good sound is subjective

[This is guest post from my friend Jonathan Malm. While we have only met once in person for about 30 seconds, we have done a lot of work together in the cause of making the process of doing church better. He is the curator at,, a blog about the creative process and, a photo resource for bloggers.]

“Good sound is subjective.” Have you ever heard that line? I used it often as a worship leader. The staff member responsible for the sound engineers used to pull that out all the time when I asked for specific mix requests.

What did you say?That infuriated me—and not just because I was a bit of a diva. Good sound isn’t subjective. Not when it means you can’t hear the lead vocalist or percussion clearly.

So one day I put aside my guitar and closed my singsong mouth. We liberated that staff member of their technical responsibilities and I took over. (No, we didn’t fire them. We literally just took something off their plate.)

For the first few weeks, I simply sat back in the booth and listened. I didn’t want to rock the volunteers’ world with sweeping changes.

I’d hear the sound engineers explain that so-and-so didn’t have the best voice, so they pulled them out of the mix. The bass player sometimes hit bad notes, so they kept him low in the mix. They preferred more traditional music, not rock music, so they kept the electric guitar very subdued.

You see, these sound engineers had been told that good sound is subjective. It’s not. They were confusing excellence for personal preference.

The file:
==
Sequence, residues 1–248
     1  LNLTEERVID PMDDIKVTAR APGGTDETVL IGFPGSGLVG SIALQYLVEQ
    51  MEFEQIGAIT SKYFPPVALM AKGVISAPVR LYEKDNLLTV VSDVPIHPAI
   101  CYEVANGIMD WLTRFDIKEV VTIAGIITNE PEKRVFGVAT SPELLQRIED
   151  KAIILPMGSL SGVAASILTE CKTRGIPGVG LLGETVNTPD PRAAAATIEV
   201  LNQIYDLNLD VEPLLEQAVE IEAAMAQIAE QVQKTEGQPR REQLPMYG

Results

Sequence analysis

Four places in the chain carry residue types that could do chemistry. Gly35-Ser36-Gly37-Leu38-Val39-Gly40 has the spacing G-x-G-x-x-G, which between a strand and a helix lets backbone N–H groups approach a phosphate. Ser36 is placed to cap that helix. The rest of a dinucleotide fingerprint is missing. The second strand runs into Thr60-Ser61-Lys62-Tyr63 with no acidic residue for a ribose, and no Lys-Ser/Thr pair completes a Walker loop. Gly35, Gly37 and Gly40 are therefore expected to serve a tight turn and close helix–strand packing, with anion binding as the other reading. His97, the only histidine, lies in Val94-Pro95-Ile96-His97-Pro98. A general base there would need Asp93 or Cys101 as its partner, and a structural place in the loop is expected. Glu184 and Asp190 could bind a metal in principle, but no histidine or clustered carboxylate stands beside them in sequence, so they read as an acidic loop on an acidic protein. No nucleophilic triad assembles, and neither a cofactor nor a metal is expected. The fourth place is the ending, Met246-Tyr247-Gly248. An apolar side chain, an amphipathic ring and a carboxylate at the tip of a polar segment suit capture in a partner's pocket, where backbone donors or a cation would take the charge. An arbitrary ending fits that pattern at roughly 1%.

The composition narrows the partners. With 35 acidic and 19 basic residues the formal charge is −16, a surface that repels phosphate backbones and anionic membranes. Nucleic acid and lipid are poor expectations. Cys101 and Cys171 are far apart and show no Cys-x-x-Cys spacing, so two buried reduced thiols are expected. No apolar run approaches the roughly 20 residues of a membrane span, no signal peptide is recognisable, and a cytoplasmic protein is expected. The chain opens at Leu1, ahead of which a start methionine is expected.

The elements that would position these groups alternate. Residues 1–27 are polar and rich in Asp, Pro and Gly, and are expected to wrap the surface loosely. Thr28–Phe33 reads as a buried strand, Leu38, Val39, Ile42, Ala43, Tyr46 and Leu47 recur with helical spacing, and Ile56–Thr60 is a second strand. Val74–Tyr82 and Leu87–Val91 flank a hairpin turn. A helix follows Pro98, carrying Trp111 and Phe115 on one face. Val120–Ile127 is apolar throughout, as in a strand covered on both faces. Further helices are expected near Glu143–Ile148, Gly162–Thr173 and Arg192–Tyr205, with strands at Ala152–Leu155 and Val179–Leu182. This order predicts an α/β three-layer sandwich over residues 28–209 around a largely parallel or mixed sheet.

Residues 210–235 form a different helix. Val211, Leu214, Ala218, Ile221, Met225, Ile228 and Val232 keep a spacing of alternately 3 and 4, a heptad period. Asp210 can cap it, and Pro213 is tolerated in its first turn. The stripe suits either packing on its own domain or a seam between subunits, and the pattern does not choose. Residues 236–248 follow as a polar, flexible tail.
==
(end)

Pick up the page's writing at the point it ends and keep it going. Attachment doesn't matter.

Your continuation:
I made some pretty big changes. I wrote out a manual explaining rock music and its mix. I destroyed the myth that good sound is subjective. And my sound engineers excelled. They got really good.

So did the band. Once the bass player realized people could hear him, he started tightening up his quality. Once the vocalist realized she could be heard, she sang better and with more enthusiasm. As we began to trust the band, they began to trust us.

Good sound isn’t subjective. Good sound is when you make the musicians sound like they intend to sound. When you appropriately mirror—through the sound system—what’s happening on stage, you’ve achieved good sound.

Sure, there will be slight differences between each sound engineer. Some of that is preference. Some of it is technique. There will be differences. But it shouldn’t modulate between smooth jazz and rock and roll each week. That’s a matter of personal taste, not a matter of excellence.

This is true for all production techs. Yes, we are artists. We’re the last line of defense between the message, music, and visuals getting to the audience. We craft and tweak and sweeten each bit so it’s delivered with excellence. It’s truly an art. But we’re also co-laborers and servants. We aren’t the originators of the art. We’re the deliverers. We don’t get to change it to match our tastes.

We get to make it excellent.

If you aren’t willing to lay aside your preferences, the tech department isn’t for you. But if you want to work with a team of amazing artists and help them make something magic, tech can be an amazing calling.

I loved jumping into the tech department. I realized how much we could cripple the worship service if we wanted to. I also realized how much we could enhance the service when we did things with excellence.

I encourage you. Be excellent.

photo by: kc7fys
  • Elfamosobonfis Yomerito

    Very correct in its argument, the important thing is to get the message got to the recipients in the best way, even on the personal preferences of the sound engineers